Posted 9th January 2023
Content Warning: this blog references personal experiences of domestic abuse. If you want more information or support with domestic abuse, please visit: https://refuge.org.uk/.
Can a workplace policy save a life? I know it can.
I’ve been volunteering as a trustee for the last eight years with Chester Women’s Aid, a small charity supporting victims of domestic abuse.
We give crisis grants to survivors at the point they flee an abusive situation or leave refuge to go into dispersed housing.
Over the years, we’ve seen patterns in the grant applications related to employment. For example, bus fare to get to and from work, extra cash to buy food because of unpaid time off, and even fees for GP referral letters for work.
My employer, the multinational logistics firm Kuehne+Nagel, has for the last four years placed a greater emphasis on health and wellbeing at work. It follows a worldwide shift in employment philosophy: employee wellbeing has proven to benefit the bottom line and must therefore be a critical part of any business strategy.
We began to talk about topics I had never heard discussed in the workplace in my professional life: cancer, neurodiversity, menopause, period poverty, death and grief, dyslexia, LGBTQ+ and minority experiences. It seemed almost no topic was off limits, but one was missing….domestic abuse.
In England and Wales alone, it is estimated 1 in 4 women and 1 in 6 men will experience or have experienced domestic abuse in some form, and 74% of all victims of domestic abuse are women.
Office for National Statistics data has shown two women are killed a week by a current or former partner.
The types of domestic abuse vary, from financial, psychological and physical, to coercive control where the abuser uses intimidation, isolation and degradation to cut people off from the support they already have – including their jobs.
In 2009, a study was done to quantify the “cost” of domestic abuse to business, and it was estimated £1.9 billion per year is lost due to worsened productivity in the form of time off, lost wages and sick pay.
In 2020 and 2021, there were several high-profile murders of women in their workplaces by their current or former partners. The horrific events prompted Chester Women’s Aid to develop a domestic abuse awareness training programme aimed at employers.
The training taught owners, directors, HR managers and Mental Health First Aiders within a company what domestic abuse was, its impact in the workplace, and how those experiencing it could be supported. We found out that simple actions, such as swift changing of bank details or company phone numbers and shift hours, as well as time off to manage moving house, court dates, and childcare, could provide critical support to someone leaving and recovering from an abusive situation, while maintaining their employment.
It seemed a “no brainer” – the victim could get on their feet, while the employer retained talent and productivity with reduced safety and damage risks.
With this knowledge, I approached my own employer, Kuehne+Nagel, about developing a policy and delivering the awareness training to our business. They were incredibly supportive, and together with a HR policy manager, we managed to develop, approve, and roll out the policy within a year.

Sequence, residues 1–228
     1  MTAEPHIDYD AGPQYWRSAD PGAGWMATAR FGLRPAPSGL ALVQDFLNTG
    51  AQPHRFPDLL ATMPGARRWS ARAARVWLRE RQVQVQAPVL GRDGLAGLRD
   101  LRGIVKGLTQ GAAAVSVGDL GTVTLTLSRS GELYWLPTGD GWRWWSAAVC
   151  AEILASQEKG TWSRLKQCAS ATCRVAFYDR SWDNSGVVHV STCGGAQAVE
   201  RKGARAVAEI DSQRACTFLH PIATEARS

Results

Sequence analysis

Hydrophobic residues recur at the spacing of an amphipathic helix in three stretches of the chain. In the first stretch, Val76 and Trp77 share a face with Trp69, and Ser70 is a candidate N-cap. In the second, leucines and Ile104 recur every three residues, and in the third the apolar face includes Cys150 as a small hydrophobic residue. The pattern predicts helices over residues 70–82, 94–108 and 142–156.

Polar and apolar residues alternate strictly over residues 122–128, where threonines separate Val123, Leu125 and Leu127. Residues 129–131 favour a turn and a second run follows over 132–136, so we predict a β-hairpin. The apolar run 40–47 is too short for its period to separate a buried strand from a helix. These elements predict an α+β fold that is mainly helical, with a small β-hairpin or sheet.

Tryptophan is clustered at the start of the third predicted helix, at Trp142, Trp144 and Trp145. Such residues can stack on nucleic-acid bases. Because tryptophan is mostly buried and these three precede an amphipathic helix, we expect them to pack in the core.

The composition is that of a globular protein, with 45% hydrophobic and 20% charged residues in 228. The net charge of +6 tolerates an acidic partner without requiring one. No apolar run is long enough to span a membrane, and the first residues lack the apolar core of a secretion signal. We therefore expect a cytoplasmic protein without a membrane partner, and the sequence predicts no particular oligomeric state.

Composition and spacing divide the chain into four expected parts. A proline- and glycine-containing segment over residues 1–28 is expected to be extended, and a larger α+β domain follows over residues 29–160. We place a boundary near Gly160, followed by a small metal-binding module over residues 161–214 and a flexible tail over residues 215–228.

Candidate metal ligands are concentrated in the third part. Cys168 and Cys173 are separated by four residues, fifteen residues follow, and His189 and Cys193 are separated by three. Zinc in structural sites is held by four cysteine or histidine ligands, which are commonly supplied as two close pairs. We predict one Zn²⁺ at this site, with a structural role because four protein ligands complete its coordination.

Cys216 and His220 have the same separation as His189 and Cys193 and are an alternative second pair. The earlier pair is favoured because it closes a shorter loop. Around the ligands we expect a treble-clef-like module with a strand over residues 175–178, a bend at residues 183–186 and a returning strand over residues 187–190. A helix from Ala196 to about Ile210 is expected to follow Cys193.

The training soon followed and as we promoted the new initiative, we heard stories from our colleagues and managers of “a time when”.
A time when they were scared or hurt and didn’t feel they could tell their manager. A manager who didn’t know their employee was being abused and thought they were underperforming for other reasons.
We learned of an example where an employee had disclosed being in abusive situation to a director and how the latter has managed the situation through intuition, without any formal guidance or policy to rely on.
We came to learn the Quality, Safety, Health and Environment team had not considered domestic abuse as a risk to safety at work for victims and their colleagues.
These stories reinforced the necessity of the policy and training, and generated moving and important discussions in the business.
It hadn’t taken long to develop a policy and yet it had the power to save lives.
Our policy and training and had unearthed issues we didn’t know existed in our company, yet had always been there.
Only 5% of UK employers have a specific policy or set of guidelines for domestic abuse.
“I feel great satisfaction from the accomplishments in our charity and at my workplace, but I know we cannot stop there – there will always be new managers, new colleagues, and new developments to keep up with in terms of the policy.”
Remote working adds new complexity – what happens when the “safe space” in an office is no longer available?
These concerns drive me to raise awareness of the role that employers have in providing a safe and supportive workplace.
We employ human beings experiencing a range of issues over their lifetimes, so when so many of them may face domestic abuse, we need to be educated and ready.
A policy really can save a life.
This blog was written by Angela Benson, UK Commercial Bid Manager at Kuehne + Nagel
Angela has worked in logistics for 20 years. Her current role is Senior Commercial Proposal manager where she provides consultation to sales owners on bid strategy and writes responses articulating the Social, Commercial, and Operational value of Kuehne+Nagel’s services. In her spare time, she volunteers as a trustee Chair for Chester Women’s Aid, who raise awareness of domestic abuse and funds for victims. Originally from the United States, she has worked in Asia, Europe, and now calls the UK home, along with her husband and son.
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Posted 9th January 2023